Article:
A database regarding the oncological and functional aspects of each case was designed. Data were introduced prospectively and updated regularly to evaluate the type, size and location of tumors, the resective and reconstructive surgical techniques used in the management of cancer patients, follow-up, complications, and functional swallowing and phonatory outcomes. The degree of swallowing ability was categorized as excellent swallowing without difficulty, swallowing with some difficulty or swallowing not possible. The degree of speech ability was classified as: Excellent, perfectly understood by the family and another person; good, perfectly understood by the family and with a degree of difficulty by another person; fair, understood with a degree of difficulty by the family and another person; or poor, understood with great difficulty by the family and another person. Satisfaction with the cosmetic result in the donor site was evaluated by patients with an ordinal visual analog scale (VAS): 0, very good; 1–3, good; 4–6, average; 7–9, poor; 10, intolerable. The inclusion of patients in the study was conducted over 1 year, following the principles of the Declaration of Helsinki (36). Patients were followed up for at least 58 months (median follow up, 5.3 years). All treatments were performed according to therapeutic protocols established by the Hospital and following approval of each case by the Committee.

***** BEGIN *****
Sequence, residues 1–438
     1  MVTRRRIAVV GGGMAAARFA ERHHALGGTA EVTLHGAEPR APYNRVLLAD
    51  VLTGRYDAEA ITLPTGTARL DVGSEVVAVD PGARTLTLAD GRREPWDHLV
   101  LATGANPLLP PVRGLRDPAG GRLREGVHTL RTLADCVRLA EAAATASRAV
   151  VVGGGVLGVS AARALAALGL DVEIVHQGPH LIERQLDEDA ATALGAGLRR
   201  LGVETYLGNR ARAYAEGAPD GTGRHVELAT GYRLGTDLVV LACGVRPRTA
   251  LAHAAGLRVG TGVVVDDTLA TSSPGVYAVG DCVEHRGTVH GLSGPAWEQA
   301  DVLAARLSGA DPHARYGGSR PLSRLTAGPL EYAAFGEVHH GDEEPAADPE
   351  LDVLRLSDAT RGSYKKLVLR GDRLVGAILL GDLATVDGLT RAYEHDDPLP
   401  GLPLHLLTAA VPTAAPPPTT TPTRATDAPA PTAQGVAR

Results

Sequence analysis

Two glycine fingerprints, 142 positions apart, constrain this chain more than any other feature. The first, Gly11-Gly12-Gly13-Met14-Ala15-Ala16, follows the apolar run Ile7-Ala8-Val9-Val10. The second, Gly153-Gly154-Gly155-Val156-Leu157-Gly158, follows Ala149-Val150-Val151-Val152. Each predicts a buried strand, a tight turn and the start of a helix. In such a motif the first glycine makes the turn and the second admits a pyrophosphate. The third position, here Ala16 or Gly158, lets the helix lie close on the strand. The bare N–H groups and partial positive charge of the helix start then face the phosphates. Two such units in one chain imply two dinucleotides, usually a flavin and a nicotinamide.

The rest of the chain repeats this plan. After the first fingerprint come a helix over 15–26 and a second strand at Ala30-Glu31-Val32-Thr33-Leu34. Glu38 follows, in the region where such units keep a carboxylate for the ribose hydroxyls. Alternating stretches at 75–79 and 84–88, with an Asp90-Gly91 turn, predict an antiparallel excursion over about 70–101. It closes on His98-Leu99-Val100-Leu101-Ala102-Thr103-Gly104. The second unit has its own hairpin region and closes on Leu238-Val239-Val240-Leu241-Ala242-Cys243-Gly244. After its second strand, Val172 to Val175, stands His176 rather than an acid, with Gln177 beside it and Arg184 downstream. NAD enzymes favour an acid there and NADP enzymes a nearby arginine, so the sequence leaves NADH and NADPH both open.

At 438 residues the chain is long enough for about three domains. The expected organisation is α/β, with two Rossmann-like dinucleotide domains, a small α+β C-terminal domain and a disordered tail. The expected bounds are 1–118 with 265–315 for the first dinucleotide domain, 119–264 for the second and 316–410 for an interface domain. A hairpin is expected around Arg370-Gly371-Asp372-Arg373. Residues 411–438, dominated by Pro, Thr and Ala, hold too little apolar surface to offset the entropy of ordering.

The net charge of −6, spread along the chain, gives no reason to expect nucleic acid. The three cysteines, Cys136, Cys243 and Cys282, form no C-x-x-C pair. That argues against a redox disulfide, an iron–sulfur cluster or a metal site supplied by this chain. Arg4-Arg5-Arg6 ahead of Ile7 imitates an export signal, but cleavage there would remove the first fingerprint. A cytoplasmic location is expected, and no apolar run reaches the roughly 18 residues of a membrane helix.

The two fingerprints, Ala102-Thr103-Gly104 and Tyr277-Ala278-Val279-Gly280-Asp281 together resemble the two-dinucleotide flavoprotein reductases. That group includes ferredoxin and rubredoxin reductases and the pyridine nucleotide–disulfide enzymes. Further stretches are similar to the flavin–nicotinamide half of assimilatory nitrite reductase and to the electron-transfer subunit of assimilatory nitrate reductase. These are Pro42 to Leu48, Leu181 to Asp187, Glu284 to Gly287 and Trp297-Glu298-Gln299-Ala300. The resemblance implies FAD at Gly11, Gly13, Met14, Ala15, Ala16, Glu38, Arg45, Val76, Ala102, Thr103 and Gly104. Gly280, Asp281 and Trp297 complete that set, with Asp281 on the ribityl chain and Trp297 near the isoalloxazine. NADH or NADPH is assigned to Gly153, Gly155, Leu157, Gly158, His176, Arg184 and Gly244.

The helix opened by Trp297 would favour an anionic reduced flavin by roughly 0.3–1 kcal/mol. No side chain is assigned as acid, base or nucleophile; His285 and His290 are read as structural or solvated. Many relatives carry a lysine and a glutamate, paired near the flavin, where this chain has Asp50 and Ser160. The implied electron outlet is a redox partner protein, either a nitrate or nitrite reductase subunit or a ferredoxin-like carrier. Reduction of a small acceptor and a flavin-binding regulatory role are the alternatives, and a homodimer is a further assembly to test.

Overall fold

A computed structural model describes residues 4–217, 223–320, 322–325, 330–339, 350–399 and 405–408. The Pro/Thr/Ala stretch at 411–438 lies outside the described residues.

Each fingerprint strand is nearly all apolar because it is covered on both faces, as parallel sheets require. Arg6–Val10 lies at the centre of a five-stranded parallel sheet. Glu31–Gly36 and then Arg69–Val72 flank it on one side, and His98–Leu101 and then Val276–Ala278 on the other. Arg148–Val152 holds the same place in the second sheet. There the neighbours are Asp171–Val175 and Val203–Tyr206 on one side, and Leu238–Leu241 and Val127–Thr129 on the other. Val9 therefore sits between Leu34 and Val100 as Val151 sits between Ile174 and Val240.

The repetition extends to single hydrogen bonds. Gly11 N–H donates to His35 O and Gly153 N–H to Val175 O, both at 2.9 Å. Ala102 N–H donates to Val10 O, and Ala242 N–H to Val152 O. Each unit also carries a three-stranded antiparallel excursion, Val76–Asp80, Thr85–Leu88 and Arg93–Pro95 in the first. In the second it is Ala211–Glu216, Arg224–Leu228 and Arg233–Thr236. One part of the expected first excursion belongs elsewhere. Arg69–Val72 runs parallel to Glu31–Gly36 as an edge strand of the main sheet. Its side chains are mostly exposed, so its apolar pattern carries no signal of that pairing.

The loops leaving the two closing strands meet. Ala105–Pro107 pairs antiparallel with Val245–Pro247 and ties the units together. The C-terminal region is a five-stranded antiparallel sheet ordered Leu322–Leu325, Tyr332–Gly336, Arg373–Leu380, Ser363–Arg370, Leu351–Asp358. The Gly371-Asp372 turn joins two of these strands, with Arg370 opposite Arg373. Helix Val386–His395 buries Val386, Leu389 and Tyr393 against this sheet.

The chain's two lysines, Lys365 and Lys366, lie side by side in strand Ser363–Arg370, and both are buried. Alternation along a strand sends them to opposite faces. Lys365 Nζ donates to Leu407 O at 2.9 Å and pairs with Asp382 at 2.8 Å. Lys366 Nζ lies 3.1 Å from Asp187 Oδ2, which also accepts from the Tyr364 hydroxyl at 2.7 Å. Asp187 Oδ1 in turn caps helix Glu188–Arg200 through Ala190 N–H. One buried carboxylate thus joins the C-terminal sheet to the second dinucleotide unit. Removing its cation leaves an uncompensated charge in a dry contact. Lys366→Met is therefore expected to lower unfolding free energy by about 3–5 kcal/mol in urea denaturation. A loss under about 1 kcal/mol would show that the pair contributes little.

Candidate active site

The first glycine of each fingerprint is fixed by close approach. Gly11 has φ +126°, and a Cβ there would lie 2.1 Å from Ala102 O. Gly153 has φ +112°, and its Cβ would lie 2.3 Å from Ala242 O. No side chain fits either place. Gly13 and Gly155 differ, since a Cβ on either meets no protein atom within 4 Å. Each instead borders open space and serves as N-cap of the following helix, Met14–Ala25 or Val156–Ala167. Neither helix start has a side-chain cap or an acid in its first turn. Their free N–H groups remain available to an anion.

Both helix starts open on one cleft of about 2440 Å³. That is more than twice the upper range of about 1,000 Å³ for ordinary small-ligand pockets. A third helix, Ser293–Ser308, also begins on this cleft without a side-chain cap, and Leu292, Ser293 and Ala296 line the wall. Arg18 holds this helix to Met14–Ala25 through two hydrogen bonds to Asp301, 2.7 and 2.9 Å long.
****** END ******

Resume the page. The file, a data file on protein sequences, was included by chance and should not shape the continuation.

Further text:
The clinical data of the patients are shown in Table I. All patients in the present study were male, with a mean age of 59.85 years (range, 52.00–72.00 years). A total of six reconstructions with IHF were performed following cancer excision and supraomohyoid neck dissection, according to the aforementioned criteria. Histological diagnosis of squamous cell carcinoma was based on the conventional morphological examination of formalin-fixed, paraffin-embedded specimens with conventional hematoxylin and eosin stained sections. All patients had a history of smoking and drinking. While the lesion in all patients involved several anatomical sub-sites, the tumor primarily occurred in the tonsillar complex in four patients and in the base of tongue in two patients. All patients underwent combined tumor resection, including partial oropharynguectomy, palatectomy or glossectomy. Four patients were classified as T4a, one patient as T4b and another as T3 (34). In all patients, clear surgical histological margins were obtained; although in the case 3, a 1-mm close margin was reported. The mean pathological size of the tumors was 4.92 cm (range 4.50–6.00 cm). Two patients were classified as pathological stage N1 and four patients as stage N0 (34). Four patients were classified in stage IVa disease, one in stage IVb and another in stage III (34).